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Thursday, May 11, 2017

It’s doubtful that Umno can master social media

It won't be able to adapt as long as it's not open to criticism and continues to talk down to the public, especially the young.
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One of the more amusing political narratives of the 21st century revolves around the Baby Boomers’ efforts to quickly lure Gen Y and Gen Z into their particular ideologies. Members of these two younger generations demand to be inspired by their leaders. They want to be given a bigger purpose than to simply help their elders stay in power.
Gen Y grew up with several significant cultural touchstones, most notably the War on Terror and the internet’s coming into its own with the explosion of social media and the content creator trend. This has led to what could be called a lateral world view. Gen Y does not see structure working from top to bottom, but across a spectrum. This particular sociological shift can be attributed to the growth social media, and today, politicians from all over the world are racing to try to understand how to talk to Gen Y.
So it is with this in mind that we turn to Umno’s exhortation to its members to master social media in order to reach out to Gen Y. While the party has been slow on the uptake with this more direct form of communication with the masses, old habits die hard. The true problem with the idea of Umno mastering social media does not lie in the tools but in the mindset.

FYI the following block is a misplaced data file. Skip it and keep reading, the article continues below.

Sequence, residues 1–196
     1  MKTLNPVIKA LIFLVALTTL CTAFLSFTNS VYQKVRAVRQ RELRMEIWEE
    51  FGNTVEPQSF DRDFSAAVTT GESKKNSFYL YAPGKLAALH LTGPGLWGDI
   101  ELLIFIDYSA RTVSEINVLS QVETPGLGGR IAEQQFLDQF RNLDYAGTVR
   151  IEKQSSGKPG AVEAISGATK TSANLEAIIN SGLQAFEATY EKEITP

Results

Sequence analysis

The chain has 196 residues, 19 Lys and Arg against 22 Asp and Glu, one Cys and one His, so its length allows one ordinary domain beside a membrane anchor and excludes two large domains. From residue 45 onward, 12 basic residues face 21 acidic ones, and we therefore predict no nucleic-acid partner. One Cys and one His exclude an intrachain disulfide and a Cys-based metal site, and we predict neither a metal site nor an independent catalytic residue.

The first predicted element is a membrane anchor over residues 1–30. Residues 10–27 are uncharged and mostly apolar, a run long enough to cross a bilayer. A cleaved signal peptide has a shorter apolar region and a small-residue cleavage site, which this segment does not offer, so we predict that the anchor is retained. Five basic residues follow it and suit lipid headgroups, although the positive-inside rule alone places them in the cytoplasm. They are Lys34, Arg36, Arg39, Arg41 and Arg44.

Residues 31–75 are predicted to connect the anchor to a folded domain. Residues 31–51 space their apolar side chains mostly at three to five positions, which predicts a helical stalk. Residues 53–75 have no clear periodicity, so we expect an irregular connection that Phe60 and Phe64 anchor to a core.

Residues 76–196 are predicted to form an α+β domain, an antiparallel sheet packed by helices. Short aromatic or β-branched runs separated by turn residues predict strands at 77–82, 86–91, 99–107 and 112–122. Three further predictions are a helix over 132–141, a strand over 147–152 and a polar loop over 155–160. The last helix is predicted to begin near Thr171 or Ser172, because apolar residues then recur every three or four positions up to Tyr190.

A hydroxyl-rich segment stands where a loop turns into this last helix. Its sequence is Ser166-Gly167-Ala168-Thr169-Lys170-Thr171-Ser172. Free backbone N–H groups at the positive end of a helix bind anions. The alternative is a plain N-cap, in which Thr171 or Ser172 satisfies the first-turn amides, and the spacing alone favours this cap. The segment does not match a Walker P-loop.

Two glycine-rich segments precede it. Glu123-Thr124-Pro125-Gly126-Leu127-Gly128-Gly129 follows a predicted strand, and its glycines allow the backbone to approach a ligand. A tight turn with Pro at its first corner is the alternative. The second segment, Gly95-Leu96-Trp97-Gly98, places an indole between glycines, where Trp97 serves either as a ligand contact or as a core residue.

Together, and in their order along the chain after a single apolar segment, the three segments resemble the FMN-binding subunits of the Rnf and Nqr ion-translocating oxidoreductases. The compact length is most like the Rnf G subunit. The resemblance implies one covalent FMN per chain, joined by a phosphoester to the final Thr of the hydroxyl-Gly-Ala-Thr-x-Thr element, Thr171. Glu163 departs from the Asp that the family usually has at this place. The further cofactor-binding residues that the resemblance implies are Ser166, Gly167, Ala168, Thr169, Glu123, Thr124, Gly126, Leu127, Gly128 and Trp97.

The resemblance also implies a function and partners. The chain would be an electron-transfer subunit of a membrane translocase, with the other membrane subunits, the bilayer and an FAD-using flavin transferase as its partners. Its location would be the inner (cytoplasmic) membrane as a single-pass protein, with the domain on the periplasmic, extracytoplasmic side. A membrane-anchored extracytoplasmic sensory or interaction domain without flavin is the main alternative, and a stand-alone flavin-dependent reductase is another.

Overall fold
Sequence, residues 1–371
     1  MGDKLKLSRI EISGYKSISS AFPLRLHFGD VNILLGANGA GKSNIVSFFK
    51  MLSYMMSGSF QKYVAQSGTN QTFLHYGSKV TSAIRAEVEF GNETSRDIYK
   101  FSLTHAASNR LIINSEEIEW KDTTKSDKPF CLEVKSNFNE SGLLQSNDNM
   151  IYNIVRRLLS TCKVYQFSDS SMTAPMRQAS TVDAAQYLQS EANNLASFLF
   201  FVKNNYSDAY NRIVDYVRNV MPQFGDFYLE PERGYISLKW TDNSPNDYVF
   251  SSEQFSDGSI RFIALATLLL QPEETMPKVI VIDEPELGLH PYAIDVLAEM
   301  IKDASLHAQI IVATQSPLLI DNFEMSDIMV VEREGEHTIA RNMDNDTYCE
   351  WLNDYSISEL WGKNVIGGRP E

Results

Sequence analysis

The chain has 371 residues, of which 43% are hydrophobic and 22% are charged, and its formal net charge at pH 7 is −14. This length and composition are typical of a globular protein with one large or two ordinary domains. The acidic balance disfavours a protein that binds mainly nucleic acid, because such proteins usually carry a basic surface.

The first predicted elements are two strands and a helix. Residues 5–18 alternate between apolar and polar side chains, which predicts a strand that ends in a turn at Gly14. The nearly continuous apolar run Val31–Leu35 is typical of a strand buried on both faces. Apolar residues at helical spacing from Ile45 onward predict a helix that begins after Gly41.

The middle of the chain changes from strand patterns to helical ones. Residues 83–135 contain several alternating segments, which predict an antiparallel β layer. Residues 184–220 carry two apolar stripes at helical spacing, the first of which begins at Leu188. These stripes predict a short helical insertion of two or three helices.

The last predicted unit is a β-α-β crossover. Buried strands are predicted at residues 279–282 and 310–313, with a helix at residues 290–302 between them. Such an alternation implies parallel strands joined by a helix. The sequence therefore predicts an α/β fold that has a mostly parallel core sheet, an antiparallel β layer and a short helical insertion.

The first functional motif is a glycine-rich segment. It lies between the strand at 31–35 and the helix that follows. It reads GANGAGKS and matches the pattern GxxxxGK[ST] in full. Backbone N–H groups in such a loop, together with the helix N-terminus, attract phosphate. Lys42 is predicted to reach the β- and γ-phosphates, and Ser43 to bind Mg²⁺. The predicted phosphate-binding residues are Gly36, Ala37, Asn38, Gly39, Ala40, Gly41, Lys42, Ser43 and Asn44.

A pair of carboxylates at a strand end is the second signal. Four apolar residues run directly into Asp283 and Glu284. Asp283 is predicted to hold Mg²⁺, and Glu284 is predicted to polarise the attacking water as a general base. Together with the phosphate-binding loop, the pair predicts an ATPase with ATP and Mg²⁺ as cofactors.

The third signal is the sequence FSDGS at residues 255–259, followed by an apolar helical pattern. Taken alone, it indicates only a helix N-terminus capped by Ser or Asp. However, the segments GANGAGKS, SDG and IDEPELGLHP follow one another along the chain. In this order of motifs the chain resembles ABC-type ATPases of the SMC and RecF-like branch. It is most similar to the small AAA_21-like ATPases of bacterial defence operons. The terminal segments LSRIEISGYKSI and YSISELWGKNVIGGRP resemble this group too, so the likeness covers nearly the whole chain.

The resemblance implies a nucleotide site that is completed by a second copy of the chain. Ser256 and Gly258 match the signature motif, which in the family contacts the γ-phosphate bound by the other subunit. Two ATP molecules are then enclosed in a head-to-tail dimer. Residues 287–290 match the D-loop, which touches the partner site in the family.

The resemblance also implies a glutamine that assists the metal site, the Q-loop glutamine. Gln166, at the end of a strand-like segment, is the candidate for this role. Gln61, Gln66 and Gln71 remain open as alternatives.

Coming back to the idea of a lateral world view, Gen Y has a noted preference for collaboration and a disdain for being talked down to. Gen Y has realised that the only difference between a CEO and a drain sweeper is in the pay package, that the true value of one’s job lies in the impact one has on society. The problem with authoritarian governments is that they are accustomed to talking down on citizens and having instructions followed, and this habit has been sorely challenged by the proliferation of social media and the ubiquitous freedom of the internet.
Given this paradigm, Umno first needs to be open to criticism. Its virulent opposition to criticism – real or imagined – is a put-off to Gen Y, and perhaps nothing will change even if billions of ringgit are made available to a social media team whose sole job would be to combat criticism.
Secondly, authenticity matters, as does presentation. Despite the effusive praise some Umno leaders have had for Najib Razak’s fearless forays into social media, a picture of the Prime Minister lifting 2kg weights does not make for inspirational or aspirational material.
Social media is certainly an opportunity. But it is also the Wild West resurrected. Members of the Umno elite will find that on social media, they are no longer leaders and warlords. Anonymity is a great equaliser between the powerful and the powerless. A failure to recognise that will only mean Umno will continue to be irrelevant to Gen Y and Gen Z.
Scott Ng is an FMT columnist.

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